If you can believe it, most Americans have it easier than those outside the country
If the good ole U.S has an affordable housing crisis, then your neighbors to the north have it much worse. An example we discussed, Niagara Falls, Canada has much higher home prices than Niagara Falls, N.Y.
You can buy a fixer upper on the U.S side for around 40k [the cheapest price is 240k CAD on the Canadian side]. Up here that won’t get you a garage. Wages are not that much different from one side of the Niagara River to the other to justify the house price difference.
Canada, Australia, New Zealand are basically unaffordable places for the middle class to have any kind of normal life like in the 60s and 70s.
Besides the healthcare the majority of Americans are living an easier middle class lifestyle than the other commonwealth nations. Consumer goods, utilities, and most food items are much cheaper in the U.S.
Either way the middle class is disappearing in the majority of the English speaking countries. Like you said Chris, all done by design.
V – Toronto
I definitely agree as the U.S. can ship off much of its inflationary dollar printing to the rest of the world. The alt-media focus on the bubble cities here in the United States, but on a relative basis, house prices and the costs of living here in the U.S. are cheaper than in most other places around the globe when compared to incomes.
While expats leaving the United States to move to Central America view housing down there as dirt cheap, to those who have always lived in those nations, housing ratios are astronomical when compared to the numbers of American cities (look at the detailed sortable infographic below). For instance, to an American expat, the typical house in Lima, Peru may be cheap. But to the average Lima resident a house has a price/income ratio of 15.38. That means it takes over 15x the average household’s income to buy an average house in Lima. If you are an American moving down there, you will not gain any friends as the locals see you as responsible for those high prices.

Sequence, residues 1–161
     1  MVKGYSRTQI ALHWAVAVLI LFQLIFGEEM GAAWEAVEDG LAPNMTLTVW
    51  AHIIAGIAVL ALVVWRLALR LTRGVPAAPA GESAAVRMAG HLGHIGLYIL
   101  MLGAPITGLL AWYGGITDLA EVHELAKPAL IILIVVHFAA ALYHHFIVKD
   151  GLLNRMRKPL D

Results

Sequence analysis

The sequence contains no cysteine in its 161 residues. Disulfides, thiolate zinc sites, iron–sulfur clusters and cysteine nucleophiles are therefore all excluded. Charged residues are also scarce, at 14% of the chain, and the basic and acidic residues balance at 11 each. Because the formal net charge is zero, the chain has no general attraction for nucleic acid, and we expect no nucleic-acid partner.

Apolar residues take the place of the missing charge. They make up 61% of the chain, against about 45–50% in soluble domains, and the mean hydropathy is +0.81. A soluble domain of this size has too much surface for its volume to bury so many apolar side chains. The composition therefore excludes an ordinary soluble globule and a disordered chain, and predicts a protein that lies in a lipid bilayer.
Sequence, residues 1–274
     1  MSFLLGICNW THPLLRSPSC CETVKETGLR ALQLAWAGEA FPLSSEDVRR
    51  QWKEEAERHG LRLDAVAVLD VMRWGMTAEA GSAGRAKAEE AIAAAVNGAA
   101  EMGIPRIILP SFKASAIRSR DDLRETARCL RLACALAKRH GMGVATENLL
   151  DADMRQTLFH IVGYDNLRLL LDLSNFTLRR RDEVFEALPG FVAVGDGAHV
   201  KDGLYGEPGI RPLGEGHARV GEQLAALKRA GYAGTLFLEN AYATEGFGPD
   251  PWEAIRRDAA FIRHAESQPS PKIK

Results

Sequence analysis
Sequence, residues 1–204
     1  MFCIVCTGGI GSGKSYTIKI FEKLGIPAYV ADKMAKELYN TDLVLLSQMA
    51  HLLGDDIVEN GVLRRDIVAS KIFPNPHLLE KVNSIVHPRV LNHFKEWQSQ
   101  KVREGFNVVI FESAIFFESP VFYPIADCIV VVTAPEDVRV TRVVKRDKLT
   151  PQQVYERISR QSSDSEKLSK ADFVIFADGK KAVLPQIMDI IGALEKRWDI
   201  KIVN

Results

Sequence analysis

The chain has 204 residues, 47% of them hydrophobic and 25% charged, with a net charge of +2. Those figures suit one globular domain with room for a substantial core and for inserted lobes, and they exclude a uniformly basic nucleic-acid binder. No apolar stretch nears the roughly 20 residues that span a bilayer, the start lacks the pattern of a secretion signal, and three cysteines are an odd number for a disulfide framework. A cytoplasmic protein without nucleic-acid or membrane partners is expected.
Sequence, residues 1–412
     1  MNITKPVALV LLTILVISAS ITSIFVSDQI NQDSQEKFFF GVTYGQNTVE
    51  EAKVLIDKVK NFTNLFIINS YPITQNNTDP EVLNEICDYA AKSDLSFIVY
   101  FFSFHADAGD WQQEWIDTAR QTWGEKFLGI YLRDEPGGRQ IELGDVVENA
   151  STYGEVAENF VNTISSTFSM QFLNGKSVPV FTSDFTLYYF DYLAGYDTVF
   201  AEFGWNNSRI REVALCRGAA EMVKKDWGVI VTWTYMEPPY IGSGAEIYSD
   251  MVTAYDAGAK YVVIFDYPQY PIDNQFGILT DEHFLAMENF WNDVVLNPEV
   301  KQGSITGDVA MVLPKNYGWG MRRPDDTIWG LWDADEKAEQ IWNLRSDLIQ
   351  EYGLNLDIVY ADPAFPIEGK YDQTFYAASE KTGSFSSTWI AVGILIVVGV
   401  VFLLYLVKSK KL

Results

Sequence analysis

Look at this difference. Houses in Rochester, NY are priced at 2.08x household income. I have been to Rochester and it is a decent city on the south side of Lake Ontario. In contrast, Toronto, which is situated on the north side of Lake Ontario, carries a housing stock price/income ratio of 13.91. If I lived in upstate NY, I would be buying as many properties as I could.
Look at the chart below to see how cities around the globe stack up to one another. Pay careful attention to the American cities. Even houses in the Washington D.C. area (price/income ratio of 4.3) are inexpensive when compared to other areas. The ranking of the 325 cities are based on price/income ratios. Click on each header to sort.
I already know how cheap housing is in many areas of the U.S. I have always believed that real estate investing in the United States can be one of the most profitable avenues still available to investors. Here in the United States, traditional investment analysis can still make sense. Imagine how low the capitalization rates and IRRs must be in many areas of the world with low affordability indexes. Even here in the Washington D.C. area I can still easily make positive cash flow on a property with a 4% mortgage and a 25% down payment.